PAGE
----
U.S. defence contractor lost sensitive data to Maze ransomware attack

Westech International, a prominent defence contractor in the U.S. that works for various government defence agencies, recently suffered a major ransomware attack that resulted in the loss of confidential information to hackers.

Westech International is an Albuquerque-based defence contractor that undertakes various jobs under contract with the U.S. Department of Energy (DOE), and Department of Defense (DoD). The firm operates from fifteen locations across eleven U.S. states and also provides services to a number of Federal agencies and commercial enterprises.

According to Sky News, among the most prominent contracts of Westech International is providing engineering and maintenance support for the Minuteman III intercontinental ballistic missiles manufactured by defence major Northrup Grumman. Hundreds of Minuteman III ICBMs are deployed across the United States as nuclear deterrents.

In 2015, Northrop Grumman won a $963.5 million contract from the U.S. Air Force for the support of Minuteman III Intercontinental Ballistic Missile (ICBM) Ground Subsystems. The contract involved offering programme management support, engineering services and emergency response to the U.S. Air Force. As part of the Northrop Grumman team, the contract was a big shot in the arm for Westech as well.

Earlier today, Sky News revealed that Westech International suffered a major ransomware attack that resulted in the loss of confidential information to hackers. Hackers reportedly gained control over the firm's computers, encrypted them, and leaked some documents online to force the firm into paying a ransom. The compromised data included some emails as well as payroll information.

"We recently experienced a ransomware incident, which affected some of our systems and encrypted some of our files. Upon learning of the issue, we immediately commenced an investigation and contained our systems," Westech's spokesperson told Sky News.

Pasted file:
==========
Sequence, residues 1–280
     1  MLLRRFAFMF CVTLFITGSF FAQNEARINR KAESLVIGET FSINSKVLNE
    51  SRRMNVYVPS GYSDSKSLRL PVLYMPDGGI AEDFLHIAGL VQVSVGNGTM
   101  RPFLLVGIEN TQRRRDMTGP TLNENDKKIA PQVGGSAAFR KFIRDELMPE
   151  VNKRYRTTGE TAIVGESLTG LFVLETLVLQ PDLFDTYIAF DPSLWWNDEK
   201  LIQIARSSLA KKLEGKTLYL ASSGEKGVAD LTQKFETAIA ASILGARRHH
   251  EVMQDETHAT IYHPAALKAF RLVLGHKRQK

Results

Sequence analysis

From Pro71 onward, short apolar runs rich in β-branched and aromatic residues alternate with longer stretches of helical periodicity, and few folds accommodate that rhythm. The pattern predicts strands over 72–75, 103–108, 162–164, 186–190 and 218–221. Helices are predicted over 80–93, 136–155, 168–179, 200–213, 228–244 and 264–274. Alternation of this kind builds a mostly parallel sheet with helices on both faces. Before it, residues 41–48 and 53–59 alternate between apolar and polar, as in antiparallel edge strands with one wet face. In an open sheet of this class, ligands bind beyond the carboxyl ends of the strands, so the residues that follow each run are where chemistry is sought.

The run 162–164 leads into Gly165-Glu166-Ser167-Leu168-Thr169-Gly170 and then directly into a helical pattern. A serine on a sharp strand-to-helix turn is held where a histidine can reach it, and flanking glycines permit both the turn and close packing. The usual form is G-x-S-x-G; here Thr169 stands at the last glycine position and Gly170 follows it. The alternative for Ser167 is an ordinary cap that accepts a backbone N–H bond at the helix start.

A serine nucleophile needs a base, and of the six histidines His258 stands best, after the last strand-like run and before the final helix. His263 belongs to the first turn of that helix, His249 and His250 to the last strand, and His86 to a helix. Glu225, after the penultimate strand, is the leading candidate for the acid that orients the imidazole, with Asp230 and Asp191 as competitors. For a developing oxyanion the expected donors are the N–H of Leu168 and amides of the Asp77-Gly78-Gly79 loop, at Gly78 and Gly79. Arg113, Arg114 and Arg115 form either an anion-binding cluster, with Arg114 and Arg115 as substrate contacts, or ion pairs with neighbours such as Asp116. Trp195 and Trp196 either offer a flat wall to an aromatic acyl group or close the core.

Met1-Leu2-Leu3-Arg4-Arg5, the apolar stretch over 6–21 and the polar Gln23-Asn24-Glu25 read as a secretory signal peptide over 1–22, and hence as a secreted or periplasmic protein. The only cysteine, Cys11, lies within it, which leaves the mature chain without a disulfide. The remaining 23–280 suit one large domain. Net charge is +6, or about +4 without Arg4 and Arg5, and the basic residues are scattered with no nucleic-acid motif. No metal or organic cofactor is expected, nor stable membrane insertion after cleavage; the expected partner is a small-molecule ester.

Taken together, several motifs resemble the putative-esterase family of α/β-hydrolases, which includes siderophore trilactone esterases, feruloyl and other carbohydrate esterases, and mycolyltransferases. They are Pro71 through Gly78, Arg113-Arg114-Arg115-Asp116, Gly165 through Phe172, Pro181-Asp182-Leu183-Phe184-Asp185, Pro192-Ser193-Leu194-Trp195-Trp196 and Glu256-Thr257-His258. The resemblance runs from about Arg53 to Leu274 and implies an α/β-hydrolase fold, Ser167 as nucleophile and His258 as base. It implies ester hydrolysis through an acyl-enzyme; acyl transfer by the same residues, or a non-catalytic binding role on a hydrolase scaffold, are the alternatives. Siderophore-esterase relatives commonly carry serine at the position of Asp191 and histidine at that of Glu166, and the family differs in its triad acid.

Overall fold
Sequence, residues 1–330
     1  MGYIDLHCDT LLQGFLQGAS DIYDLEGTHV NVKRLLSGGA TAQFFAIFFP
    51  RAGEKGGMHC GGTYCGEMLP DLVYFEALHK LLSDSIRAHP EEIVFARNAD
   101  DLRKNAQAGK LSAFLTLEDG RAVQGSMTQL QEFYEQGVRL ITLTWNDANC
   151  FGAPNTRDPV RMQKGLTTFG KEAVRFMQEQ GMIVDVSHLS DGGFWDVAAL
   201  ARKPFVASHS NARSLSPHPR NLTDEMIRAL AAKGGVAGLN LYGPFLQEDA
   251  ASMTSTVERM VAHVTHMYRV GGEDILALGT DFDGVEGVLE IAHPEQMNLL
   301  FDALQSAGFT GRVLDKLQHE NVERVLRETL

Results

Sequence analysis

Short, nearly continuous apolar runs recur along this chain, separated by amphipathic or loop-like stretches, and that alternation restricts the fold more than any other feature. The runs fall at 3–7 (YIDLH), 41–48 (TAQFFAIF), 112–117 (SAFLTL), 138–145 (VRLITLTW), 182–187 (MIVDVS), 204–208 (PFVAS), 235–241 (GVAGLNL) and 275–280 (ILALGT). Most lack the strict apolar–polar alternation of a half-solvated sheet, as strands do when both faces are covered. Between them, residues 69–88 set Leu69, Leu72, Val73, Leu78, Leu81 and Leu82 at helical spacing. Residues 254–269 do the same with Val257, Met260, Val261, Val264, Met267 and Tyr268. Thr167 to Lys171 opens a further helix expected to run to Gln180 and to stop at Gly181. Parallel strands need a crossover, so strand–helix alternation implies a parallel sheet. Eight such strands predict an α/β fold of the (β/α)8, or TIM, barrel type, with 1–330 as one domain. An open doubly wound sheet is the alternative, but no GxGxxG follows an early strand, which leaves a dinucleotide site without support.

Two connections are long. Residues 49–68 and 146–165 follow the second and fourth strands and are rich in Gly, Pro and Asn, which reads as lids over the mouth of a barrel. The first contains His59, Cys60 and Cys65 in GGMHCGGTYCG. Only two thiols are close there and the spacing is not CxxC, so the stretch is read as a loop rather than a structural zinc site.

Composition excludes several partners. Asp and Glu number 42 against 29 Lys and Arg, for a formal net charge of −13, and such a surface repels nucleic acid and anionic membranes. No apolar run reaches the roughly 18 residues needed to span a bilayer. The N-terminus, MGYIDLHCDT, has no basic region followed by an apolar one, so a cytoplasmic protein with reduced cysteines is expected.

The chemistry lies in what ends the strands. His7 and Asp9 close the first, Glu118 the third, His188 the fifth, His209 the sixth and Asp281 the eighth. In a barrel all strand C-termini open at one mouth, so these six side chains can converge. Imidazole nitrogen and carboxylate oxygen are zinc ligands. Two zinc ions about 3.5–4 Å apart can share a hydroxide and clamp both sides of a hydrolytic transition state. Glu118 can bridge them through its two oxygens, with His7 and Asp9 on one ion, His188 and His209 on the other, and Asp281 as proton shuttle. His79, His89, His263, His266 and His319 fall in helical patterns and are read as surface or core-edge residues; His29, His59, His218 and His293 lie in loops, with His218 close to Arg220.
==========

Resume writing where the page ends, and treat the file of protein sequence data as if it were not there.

"We have also been working closely with an independent computer forensic firm to analyse our systems for any compromise and to determine if any personal information is at risk."

According to some reports, the hacker group that targeted Westech is composed of Russians who have links with Russian military intelligence and use the Maze ransomware to target organisations in the United States, Europe, and elsewhere. If this turns out to be correct, then it is possible that the Russians will get their hands on critical ICBM technology, thereby placing U.S. national security at risk.

According to Tan Yongrui, a security specialist, information stolen by Maze ransomware hackers from Westech International were first uploaded on a dark web forum on 14th May. The hackers uploaded 4GB of company files, 1.5GB of which were classified as "proposals".

Commenting on the ransomware attack targeting Westech, Tony Cole, CTO at Attivo Networks, told Teiss that this is yet another high-profile example of a contractor being inadvertently used by threat actors to carry out a ransomware attack. Ransomware attacks are particularly prevalent at this time because threat actors know organisations may have left themselves vulnerable in the rush to avoid business disruption during the pandemic.

“To deal effectively with ransomware organisations need to move from reactive, incident response to an anticipatory, threat preparedness mindset. Practical measures include ensuring all data is backed up with copies kept offline. Other steps include maintaining a secure infrastructure in line with NIST, ISO, or NCSC standards.

“Additionally, put in place a mechanism to cover lateral movement and ransomware detection and mitigation. Create, exercise, and update your incident response place at least yearly. Keep your systems are updated and have the latest patches,” he added.

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